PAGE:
The BMC confirmed a new dumping ground at Mulund even as city activists are planning to meet Chief Minister Devendra Fadnavis, Municipal Commissioner Ajoy Mehta and Maharashtra Pollution Control Board authorities to discuss the mismanagement of the city’s solid waste.
Thirty-two hectares of land at Mulund, near the Airoli Bridge, has been allocated for solidwaste management. This means that the new proposed dumping ground at Airoli Bridge, and the existing dumping grounds at Kanjurmarg, Chembur and Mulund will take all of the city’s solid waste. The plan is being opposed by locals and Nationalist Congress Party.
Raj Kumar Sharma, who filed a case in the Bombay High Court regarding proper solid waste management in the city, said that segregation was the only solution. “We don’t want dumping grounds. We want scientific processing units and landfills. Only dumping the solid waste is not going to solve city’s problem,” Sharma said, adding that even if citizens segregated dry and wet waste, there was no mechanism to pick up the waste in two vehicles. “The solid waste department has a huge budget, which is being misused. We are going to meet CM with all these issues,” he said. Anant Sutar, NCP Navi Mumbai district chief, has written a letter to chief minister, requesting him to stop the proposed dump yard.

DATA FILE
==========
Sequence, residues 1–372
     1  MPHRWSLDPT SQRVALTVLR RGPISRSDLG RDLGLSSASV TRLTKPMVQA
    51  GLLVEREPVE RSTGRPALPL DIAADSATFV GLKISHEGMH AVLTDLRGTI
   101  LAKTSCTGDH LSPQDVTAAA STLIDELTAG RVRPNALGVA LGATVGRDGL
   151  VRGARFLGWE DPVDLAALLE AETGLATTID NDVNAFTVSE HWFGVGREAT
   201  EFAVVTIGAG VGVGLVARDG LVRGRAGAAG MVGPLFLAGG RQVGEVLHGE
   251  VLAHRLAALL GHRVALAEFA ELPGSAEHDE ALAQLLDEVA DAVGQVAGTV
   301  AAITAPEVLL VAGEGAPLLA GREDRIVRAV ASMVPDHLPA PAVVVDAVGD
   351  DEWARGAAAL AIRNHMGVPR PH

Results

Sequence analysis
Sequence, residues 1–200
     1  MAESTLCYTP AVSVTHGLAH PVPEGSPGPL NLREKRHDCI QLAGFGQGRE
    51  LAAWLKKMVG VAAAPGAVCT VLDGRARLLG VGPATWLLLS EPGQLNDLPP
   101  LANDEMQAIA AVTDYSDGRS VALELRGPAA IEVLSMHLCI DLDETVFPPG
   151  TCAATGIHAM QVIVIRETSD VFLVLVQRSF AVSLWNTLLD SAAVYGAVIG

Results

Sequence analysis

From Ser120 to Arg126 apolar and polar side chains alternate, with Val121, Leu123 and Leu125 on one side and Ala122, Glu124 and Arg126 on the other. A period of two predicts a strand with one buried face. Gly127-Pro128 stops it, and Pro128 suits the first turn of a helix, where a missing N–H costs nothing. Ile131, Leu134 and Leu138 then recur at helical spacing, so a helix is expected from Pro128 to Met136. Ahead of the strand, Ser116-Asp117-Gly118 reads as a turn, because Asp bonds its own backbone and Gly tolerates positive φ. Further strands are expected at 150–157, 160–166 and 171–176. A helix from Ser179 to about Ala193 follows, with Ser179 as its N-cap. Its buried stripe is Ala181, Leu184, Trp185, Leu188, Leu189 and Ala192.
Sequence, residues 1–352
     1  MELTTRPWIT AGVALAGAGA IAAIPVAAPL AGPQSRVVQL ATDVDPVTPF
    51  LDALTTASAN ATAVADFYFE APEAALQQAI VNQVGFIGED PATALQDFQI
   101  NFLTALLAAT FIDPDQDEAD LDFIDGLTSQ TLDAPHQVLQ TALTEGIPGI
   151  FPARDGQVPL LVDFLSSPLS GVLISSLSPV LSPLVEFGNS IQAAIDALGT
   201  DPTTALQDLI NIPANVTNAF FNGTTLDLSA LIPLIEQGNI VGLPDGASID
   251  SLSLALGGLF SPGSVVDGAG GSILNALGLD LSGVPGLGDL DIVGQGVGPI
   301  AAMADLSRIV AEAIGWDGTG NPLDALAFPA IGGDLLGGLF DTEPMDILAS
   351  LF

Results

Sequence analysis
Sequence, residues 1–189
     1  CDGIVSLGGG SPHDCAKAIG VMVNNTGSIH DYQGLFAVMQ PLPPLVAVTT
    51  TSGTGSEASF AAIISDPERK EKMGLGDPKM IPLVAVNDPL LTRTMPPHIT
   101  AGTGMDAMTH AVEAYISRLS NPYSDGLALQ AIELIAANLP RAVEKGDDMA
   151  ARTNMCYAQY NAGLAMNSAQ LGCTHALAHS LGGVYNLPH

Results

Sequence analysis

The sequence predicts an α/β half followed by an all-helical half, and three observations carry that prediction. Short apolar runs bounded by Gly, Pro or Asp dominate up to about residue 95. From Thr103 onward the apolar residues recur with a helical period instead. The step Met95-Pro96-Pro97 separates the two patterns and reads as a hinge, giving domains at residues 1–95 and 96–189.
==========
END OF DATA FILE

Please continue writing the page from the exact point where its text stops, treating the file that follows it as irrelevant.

“Already residents from sector 10 and 15 are complaining about the mosquito problem. The proposed dumping ground on the mouth of creek will destroy its ecosystem. The site is just a few metres away from the wetland where flamingos are spotted every year. If BMC forces dumping ground on Navi Mumbai border then we will challenge it in HC soon,” he said. Vijay Chaugule, the Shiv-Sena leader, Navi Mumbai, said, “I am planning to meet the mayor. We want to understand what kind of processing and advanced technology the BMC is going to use at the proposed site.”